More Pumping Could Harm Wetlands, Nestle's Study Suggests
Nestle Ice Mountain may be underestimating the impact increased water extraction from its production well near Evart would have on nearby wetlands.
This is according to the company's own early aquifer test data.
Nestle Waters North America is seeking Michigan DEQ permission to increase pumping capacity on Well 101 near the headwaters of Chippewa Creek in Osceola Township. (Cory Morse | MLive.com)
Nestle predicts no "measureable effects" on wetland ecology from an increase in withdrawal from its well, but that claim is called into question by a 17-year-old survey data obtained from the Michigan Department of Environmental Quality by MLive through the Freedom of Information Act.
According to a seven-day, three-well aquifer pump test conducted in August 2000 by the environmental engineering firm Malcolm Pirnie, Nestle's White Pine Springs Well No. 101 in Osceola County sits atop an underground aquifer system that exhibits greater hydrologic connectivity to surface wetlands than the company disclosed in its permit application.
The weeklong pump test, performed when Nestle was originally exploring Michigan for natural springs to capture for bottling, indicates the ground under the well features a "leaky aquitard" -- an esoteric geology term for a layer of earth that is just permeable enough to allow significant amounts of water to move between aquifers above and below it.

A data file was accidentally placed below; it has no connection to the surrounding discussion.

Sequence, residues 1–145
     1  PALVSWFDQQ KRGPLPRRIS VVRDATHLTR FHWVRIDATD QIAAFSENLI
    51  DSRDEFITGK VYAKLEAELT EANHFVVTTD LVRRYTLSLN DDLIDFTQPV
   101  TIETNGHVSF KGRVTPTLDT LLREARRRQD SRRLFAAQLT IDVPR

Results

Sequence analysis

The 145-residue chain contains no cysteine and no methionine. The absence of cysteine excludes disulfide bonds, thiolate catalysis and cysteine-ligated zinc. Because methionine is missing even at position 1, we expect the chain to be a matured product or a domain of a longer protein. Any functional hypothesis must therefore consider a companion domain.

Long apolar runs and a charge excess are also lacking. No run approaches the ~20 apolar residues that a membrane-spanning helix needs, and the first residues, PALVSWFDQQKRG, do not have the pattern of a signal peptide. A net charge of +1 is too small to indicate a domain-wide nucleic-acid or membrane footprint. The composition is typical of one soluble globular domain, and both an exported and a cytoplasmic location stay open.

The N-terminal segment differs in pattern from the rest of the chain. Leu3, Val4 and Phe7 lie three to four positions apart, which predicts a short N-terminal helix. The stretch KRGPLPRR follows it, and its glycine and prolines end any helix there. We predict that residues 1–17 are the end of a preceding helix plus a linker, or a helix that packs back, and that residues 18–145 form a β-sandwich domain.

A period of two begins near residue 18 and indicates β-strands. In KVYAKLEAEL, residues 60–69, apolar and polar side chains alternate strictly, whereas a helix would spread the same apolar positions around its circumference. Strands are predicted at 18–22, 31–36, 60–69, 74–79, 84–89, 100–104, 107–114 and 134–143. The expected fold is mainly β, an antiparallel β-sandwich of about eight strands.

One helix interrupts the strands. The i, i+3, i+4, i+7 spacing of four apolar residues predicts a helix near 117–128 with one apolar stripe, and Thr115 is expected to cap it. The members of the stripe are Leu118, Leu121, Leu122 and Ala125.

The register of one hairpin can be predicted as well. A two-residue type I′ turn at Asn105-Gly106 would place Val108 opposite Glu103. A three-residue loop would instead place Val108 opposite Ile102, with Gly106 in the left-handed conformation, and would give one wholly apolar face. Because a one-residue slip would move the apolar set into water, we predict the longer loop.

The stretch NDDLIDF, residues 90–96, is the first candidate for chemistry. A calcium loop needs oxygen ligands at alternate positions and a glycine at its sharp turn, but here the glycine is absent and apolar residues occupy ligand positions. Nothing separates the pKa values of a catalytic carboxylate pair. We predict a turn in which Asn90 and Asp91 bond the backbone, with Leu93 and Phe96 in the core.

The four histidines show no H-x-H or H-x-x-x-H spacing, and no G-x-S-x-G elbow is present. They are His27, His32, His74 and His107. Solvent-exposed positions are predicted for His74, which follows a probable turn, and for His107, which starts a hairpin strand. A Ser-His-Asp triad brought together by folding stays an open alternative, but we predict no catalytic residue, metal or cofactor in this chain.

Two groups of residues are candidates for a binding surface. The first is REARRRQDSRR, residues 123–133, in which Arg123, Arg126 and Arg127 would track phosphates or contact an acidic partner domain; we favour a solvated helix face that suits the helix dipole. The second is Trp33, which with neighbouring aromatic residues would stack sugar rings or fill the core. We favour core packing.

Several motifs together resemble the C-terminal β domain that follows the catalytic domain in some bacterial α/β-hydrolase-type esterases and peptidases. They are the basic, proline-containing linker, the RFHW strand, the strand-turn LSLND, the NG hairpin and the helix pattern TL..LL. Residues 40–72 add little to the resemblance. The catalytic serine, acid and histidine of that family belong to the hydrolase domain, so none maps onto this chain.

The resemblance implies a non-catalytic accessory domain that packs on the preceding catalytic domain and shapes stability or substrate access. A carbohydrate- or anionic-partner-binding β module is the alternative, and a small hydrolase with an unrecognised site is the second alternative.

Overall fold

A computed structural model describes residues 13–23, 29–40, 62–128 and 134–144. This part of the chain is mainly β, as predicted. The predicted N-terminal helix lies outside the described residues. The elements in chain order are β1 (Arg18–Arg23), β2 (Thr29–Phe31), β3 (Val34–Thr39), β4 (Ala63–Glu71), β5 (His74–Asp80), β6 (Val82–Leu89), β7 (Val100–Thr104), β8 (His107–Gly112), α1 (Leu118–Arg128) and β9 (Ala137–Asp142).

Scientists who have reviewed Nestle's application say a leaky aquitard indicates that wetlands which Nestle claims are "perched" above the water table and couldn't be drained by water extraction are, in fact, likely to be harmed.
The potential impact on wetlands is the "clearest weakness in the documentation provided to the state and we've got really good law on it," said Chris Grobbel, a Traverse City environmental consultant who first obtained a copy of the study years ago during the discovery phase of the original Nestle lawsuit in Michigan.
Nestle is asking the state of Michigan for permission to increase the baseline withdrawal rate for its production well in Osceola Township from 150- to 400-gpm, an increase the company claims is sustainable and won't harm the environment. The request has been met with fierce opposition and calls for denial by the DEQ, which is still reviewing the permit application. The DEQ has received almost 50,000 comments and extended public comment on Nestle's application several times since it was first reported by MLive in October.
In the application, Nestle claims a 167 percent extraction increase may cause an "incremental effect" on water levels in five nearby wetlands, but it's "not expected to cause adverse ecological effects." Additionally, average water levels in two Muskegon River spring-fed tributaries would "decline only minimally;" not more than might be expected from natural stream stage variability.
Read more: Michigan Live